Portable Communities: The Social Dynamics of Online and Mobile Connectedness

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SUNY Press, Oct 23, 2008 - Social Science - 318 pages
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Looks at the social implications of having constant access to others through cell phones, wireless computers, and other electronic devices.

“I blog, text, IM, email, and I don’t like to be without my cell phone or have to shut it off—even in a theater. Let’s put it this way, my ‘connections’ are more important than whatever I’m doing that might force me to shut my cell phone off.” — A Member of a Portable Community

In contemporary American life, community has become a portable phenomenon—you can “get it to go” wherever and whenever it is desired at the push of a button, mouse, or keyboard. In Portable Communities, sociologist Mary Chayko examines the social dynamics and implications of having access to countless others at any time. Teeming with the observations of people who blog, email, instant message, game, and chat on cell phones, wireless computers, and other portable devices, the book captures the appeal and the excitement, the challenges and the complexities, of online and mobile connectedness. Chayko considers some of the external dynamics that emerge as these communities resonate within the larger society—constant availability, social interaction that is more controlled and controllable, and new opportunities for self-expression, creativity, and even voyeurism. Internal social dynamics involving emotionality, intimacy, play, romance, and networking are also fully explored. Portable Communities provides a unique view of shifts in the social landscape and points the way toward needed social and political change.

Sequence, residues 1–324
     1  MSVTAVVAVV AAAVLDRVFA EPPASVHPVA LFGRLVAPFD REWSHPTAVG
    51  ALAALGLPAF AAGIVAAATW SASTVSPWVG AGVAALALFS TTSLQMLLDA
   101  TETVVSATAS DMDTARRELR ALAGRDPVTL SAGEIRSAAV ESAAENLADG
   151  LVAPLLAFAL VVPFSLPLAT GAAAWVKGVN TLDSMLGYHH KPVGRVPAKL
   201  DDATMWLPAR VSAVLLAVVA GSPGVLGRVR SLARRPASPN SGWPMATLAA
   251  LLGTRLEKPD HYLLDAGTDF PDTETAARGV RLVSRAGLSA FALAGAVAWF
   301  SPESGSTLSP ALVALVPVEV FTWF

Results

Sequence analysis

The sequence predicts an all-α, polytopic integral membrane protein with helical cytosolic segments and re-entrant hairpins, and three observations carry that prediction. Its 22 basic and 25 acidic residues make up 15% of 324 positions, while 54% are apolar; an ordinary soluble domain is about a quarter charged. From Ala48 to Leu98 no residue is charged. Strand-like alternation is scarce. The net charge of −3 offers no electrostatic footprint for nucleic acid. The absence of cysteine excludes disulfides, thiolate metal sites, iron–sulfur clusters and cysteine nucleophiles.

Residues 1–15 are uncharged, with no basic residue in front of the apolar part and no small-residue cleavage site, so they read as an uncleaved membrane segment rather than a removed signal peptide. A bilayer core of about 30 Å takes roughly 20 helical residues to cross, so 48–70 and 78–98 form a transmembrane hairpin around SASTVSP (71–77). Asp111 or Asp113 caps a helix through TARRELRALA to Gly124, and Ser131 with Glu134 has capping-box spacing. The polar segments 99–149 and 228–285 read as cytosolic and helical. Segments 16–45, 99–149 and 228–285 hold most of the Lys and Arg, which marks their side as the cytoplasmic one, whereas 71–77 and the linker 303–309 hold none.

Mary Chayko is Professor of Sociology at the College of Saint Elizabeth and the author of Connecting: How We Form Social Bonds and Communities in the Internet Age, also published by SUNY Press.
 

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Contents

The Portability of Social Connectedness
3
Cognitive Connectedness
17
Emotionality and Intimacy
43
Fun Games and Hanging Out
63
Convenience Practicality and Sociability
87
Constant Availability
113
The Control of Time
141
Creating Expressing and Extending the Self
159
Equalities Inequalities
183
Acknowledgments
203
Profiles of Interview Subjects
215
Notes
233
References
255
Index
291

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About the author (2008)

Mary Chayko is Professor of Sociology at the College of Saint Elizabeth and the author of Connecting: How We Form Social Bonds and Communities in the Internet Age, also published by SUNY Press.

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